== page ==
Friday, December 18, 2009

Origins of the Estonian Language Part 1

...go back in time five or ten years and tell the then-me that I'd have been posting items with headers like this and see a very perplexed man..
The Uralic languages, which Estonian forms an albeit-small part of, are a language "family" of about 39 languages spoken by approximately 20 million people. In this Estonian differs from the languages of the other two baltic states, which belong to, and in fact are the only extant examples of, the baltic sub-group of the vast Indo-European family.
For historical reasons there are Hungarian speakers in neighbouring countries including Romania and the Ukraine.
As the name suggests, it has been postulated that these languages emerged somewhere in or near the Urals, a range of apparently unprepossessing mountains (though I've not been - yet) which have been lifted from relative obscurity as marking the delineation of Europe and Asia. This has however been disputed and some have placed the original homeland of the Uralic languages either to the South or West.
You may see Estonian listed as a "Finno-Urgic" language, in fact this is the more common classification for the layman or woman at least. I find this designation a little cumbersome; it hyphenates Finnish and Hungarian (or "ugric") which, as anyone who's seen or heard both will struggle to comprehend since they bear no resemlance to one another at all. Furthmore it leaves Estonian out of the equation along with a large range of languages spoken across, for the most part, North-Western Russia, but also including the various languages of the Sami people (formerly known as "Lapps"). Conversely there is nothing more in the "ugric" part of that designation bar something called "Ob Ugric"; whereas there are zillions of Finnic languages. Estonian and Finnish have a whole lot more in common, a similar inflectional system (though Finnish has 2 cases more and slightly longer case endings) and a lot of vocabulary, often concerning things like geographical features which have been around forever, seemingly either the same (e.g. kala (fish), maa (country/land)) or very similar (Ranta (Fin.)/Rand (Est.)=beach; Saari (F.) / Saar (E.) = island, Joensuu (F.) / Jõesuu (E.) = both towns meaning "mouth of a river" etc.).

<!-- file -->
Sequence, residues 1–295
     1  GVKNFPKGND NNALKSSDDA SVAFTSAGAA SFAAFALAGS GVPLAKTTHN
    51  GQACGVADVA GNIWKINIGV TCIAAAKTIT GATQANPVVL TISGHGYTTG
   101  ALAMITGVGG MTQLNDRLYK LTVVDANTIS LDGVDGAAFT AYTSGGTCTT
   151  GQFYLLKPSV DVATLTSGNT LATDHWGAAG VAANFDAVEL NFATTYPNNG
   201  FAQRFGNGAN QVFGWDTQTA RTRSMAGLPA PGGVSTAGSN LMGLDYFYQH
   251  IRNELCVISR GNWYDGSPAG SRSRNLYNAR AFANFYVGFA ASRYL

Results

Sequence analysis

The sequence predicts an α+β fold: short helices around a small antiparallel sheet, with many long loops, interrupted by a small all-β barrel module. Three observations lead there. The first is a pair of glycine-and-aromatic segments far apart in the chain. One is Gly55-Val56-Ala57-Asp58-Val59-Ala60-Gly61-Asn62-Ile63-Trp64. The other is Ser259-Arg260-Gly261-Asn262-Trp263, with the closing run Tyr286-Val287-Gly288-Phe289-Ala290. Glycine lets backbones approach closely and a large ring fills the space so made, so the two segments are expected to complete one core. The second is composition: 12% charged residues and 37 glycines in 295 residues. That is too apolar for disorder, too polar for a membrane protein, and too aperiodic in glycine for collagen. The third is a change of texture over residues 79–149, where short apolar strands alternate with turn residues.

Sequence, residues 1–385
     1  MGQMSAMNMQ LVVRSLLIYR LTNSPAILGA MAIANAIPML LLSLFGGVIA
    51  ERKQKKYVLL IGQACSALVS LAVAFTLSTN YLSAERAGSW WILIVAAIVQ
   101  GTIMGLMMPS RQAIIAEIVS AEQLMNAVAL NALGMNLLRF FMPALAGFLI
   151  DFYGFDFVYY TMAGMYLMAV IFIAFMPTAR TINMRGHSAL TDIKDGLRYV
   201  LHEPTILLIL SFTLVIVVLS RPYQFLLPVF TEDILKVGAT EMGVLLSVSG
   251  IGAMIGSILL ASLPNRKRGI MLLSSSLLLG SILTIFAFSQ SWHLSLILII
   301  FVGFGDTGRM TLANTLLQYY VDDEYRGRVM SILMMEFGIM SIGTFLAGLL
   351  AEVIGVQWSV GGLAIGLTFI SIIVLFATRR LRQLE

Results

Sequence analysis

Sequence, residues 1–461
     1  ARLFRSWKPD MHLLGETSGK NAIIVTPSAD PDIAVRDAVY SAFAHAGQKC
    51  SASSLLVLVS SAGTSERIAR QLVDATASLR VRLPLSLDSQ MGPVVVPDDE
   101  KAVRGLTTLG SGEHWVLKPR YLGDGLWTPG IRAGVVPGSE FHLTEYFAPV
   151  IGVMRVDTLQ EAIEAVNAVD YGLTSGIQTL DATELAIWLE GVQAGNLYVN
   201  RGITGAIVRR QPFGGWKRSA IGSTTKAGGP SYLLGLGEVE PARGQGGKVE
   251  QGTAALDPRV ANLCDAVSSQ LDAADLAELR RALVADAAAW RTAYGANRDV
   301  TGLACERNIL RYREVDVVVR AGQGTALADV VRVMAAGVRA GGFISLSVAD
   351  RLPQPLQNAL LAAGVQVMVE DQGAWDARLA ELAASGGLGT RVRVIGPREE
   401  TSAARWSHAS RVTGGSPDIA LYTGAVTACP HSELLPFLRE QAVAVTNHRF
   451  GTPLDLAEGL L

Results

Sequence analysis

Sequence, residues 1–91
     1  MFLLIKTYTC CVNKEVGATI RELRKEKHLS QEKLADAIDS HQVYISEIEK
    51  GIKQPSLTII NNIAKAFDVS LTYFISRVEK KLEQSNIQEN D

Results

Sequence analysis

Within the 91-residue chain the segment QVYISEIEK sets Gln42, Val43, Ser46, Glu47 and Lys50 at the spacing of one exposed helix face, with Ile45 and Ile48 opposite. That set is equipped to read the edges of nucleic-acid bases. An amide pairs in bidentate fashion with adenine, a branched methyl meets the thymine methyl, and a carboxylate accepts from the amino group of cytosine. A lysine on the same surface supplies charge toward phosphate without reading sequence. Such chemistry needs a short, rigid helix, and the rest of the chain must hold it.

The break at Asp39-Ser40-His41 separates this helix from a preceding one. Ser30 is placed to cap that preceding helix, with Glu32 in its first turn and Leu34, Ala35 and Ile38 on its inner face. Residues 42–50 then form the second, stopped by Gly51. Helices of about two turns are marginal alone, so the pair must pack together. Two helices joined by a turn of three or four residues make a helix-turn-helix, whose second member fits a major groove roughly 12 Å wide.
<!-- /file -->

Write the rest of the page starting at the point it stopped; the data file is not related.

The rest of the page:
Aside from all their differences, the Uralic languages have such features in common as the large set of cases noted above, no verb to have (you simply say "on/by/at etc. me there is..." a bit like in Russian, no grammatical gender (thank God), and the stress always falling on the first syllable (much easier than Russian or Lithuanian then).
A simplified breakdown of classifications is:
Samoyedic
Finno-Ugric
Hungarian (Magyar)
Ob Ugric (Ob Ugrian)
Finno-Permic (Permian-Finnic)
Permic (Permian)
Finno-Volgaic
Finno-Lappic
Sami languages
Baltic-Finnic
Estonian
South Estonian (including Mulgi and Tartu)
Võro (Voro, Võru, Voru; including Seto or Setu)
Finnish (and variants)
Ingrian (Izhorian) — Nearly extinct
Karelian
Livonian, Vepsian, Votic, all nearly extinct, incidentally Livonian is/was confined to one small region of the Kurzeme peninsular in Latvia.
Source, if you're interested: Wikipedia, of course!

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